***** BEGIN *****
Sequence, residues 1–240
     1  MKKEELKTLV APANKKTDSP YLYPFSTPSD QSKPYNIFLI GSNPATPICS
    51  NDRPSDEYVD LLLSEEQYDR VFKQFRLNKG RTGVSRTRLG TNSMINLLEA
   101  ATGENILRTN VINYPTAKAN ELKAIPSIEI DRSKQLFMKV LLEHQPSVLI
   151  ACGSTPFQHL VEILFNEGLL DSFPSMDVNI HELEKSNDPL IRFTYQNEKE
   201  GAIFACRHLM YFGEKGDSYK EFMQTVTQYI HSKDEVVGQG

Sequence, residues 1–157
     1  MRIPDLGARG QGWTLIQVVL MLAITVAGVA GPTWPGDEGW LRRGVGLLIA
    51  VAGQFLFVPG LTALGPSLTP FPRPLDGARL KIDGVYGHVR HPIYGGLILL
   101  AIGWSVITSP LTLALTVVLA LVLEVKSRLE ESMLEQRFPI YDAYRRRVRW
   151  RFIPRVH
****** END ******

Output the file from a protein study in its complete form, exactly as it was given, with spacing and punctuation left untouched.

Sequence, residues 1–240
     1  MKKEELKTLV APANKKTDSP YLYPFSTPSD QSKPYNIFLI GSNPATPICS
    51  NDRPSDEYVD LLLSEEQYDR VFKQFRLNKG RTGVSRTRLG TNSMINLLEA
   101  ATGENILRTN VINYPTAKAN ELKAIPSIEI DRSKQLFMKV LLEHQPSVLI
   151  ACGSTPFQHL VEILFNEGLL DSFPSMDVNI HELEKSNDPL IRFTYQNEKE
   201  GAIFACRHLM YFGEKGDSYK EFMQTVTQYI HSKDEVVGQG

Sequence, residues 1–157
     1  MRIPDLGARG QGWTLIQVVL MLAITVAGVA GPTWPGDEGW LRRGVGLLIA
    51  VAGQFLFVPG LTALGPSLTP FPRPLDGARL KIDGVYGHVR HPIYGGLILL
   101  AIGWSVITSP LTLALTVVLA LVLEVKSRLE ESMLEQRFPI YDAYRRRVRW
   151  RFIPRVH